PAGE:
Reporting Services is composed of several functional blocks. Each block performs one or more specific tasks or has different responsibilities in terms of the full solution. Reporting functionalities cover different areas, and Reporting Services' architecture has been designed to be flexible. Therefore, components are spread over different areas inside the solution server (or servers), as shown in Figure 12-1.
Figure 12-1. Microsoft SQL Server 2005 Reporting Services architecture.
Reporting Services is a server product thus, the majority of its components reside on the server itself.
Reporting Services databases Reporting Services databases store solution metadata, saved reports, session-related information, and everything necessary to maintain the server state.
Reporting Services manages two databases: ReportServer, which includes all persistent information, and ReportServerTempDB, which includes all temporary information. You will find them in the SQL Server databases catalog just like any ordinary database.
Report Server This virtual component is responsible for processing reports by requesting help from all "extension" blocks. It is implemented as two big blocks:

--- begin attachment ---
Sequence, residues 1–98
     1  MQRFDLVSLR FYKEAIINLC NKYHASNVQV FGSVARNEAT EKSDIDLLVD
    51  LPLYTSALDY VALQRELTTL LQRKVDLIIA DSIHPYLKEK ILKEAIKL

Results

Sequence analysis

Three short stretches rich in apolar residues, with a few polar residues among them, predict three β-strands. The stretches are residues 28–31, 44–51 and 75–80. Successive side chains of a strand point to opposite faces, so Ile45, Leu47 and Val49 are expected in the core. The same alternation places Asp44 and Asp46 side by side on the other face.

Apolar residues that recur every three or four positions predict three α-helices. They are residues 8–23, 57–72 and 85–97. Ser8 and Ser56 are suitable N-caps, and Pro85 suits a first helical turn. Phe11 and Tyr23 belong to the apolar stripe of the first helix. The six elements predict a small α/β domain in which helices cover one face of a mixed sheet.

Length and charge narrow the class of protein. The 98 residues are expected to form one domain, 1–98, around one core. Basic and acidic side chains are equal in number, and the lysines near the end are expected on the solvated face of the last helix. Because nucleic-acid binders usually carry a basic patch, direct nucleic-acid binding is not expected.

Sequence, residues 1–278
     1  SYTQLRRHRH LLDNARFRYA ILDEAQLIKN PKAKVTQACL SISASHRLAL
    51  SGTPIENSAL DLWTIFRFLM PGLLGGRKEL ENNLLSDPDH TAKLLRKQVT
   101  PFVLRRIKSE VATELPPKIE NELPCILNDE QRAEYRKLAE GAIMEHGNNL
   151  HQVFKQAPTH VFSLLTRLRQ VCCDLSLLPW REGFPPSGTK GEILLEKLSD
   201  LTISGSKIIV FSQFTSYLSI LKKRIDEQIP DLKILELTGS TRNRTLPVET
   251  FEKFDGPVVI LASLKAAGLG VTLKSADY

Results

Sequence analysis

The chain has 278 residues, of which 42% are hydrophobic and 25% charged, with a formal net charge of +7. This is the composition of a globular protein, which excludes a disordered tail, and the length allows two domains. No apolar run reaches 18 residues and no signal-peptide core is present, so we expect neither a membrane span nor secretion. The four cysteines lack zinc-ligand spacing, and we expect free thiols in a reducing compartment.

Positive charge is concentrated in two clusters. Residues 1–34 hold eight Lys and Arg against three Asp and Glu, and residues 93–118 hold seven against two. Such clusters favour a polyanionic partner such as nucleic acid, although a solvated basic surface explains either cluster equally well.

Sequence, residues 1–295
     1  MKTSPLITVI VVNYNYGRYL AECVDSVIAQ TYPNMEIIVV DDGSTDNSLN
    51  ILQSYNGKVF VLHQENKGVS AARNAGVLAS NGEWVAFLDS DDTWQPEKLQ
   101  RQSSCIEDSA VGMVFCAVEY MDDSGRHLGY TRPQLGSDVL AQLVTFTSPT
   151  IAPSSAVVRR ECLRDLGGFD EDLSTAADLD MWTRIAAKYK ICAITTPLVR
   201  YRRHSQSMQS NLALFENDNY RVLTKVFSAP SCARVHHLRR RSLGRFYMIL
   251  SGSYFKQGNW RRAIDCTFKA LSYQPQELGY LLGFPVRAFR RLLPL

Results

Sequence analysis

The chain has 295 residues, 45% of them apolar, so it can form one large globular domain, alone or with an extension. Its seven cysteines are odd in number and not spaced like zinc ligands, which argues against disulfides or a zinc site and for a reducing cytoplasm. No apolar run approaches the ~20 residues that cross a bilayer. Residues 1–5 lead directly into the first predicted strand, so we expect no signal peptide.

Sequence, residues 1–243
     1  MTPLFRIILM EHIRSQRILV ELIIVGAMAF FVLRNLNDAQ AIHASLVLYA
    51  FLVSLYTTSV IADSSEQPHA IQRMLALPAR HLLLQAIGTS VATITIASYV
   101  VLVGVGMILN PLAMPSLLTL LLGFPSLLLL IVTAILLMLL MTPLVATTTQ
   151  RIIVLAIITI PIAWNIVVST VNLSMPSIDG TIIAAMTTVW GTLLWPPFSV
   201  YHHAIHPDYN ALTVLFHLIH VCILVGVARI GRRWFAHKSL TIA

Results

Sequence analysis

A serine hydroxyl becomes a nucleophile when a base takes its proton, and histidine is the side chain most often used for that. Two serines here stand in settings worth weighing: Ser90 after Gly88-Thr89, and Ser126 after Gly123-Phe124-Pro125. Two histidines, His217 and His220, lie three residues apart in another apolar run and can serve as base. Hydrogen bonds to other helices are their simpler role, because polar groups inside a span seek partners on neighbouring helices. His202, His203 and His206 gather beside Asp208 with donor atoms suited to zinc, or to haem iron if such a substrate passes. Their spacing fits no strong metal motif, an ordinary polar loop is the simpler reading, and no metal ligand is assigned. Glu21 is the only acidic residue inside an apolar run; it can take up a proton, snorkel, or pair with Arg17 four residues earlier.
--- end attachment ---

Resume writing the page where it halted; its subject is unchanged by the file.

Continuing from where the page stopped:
Reporting Services Windows Service The Reporting Services Windows Service is responsible for initialization and server maintenance and also for scheduling processes and delivering output, assisted by the available delivery extensions.
Reporting Services Web Services Reporting Services interacts with the outside world mainly through its Web Services interface. Indeed, Report Manager uses this interface to perform its duties. There are two available Web services: ReportingServices2005 (for management) and ReportExecutionService (for report execution).
These two blocks rely on several functional modules, including various processors and extensions:
The Report Server Processor This module does all the core work of parsing the report definition, requesting data from the data processing extensions, performing calculations, and sending the output to the rendering extension to format the output as needed.
The Scheduling and Delivery Processor This module is in charge of firing and maintaining all scheduled and expired processes and for sending the output to the appropriate delivery extension. This module is assisted by the Report Server Processor and by SQL Server Agent.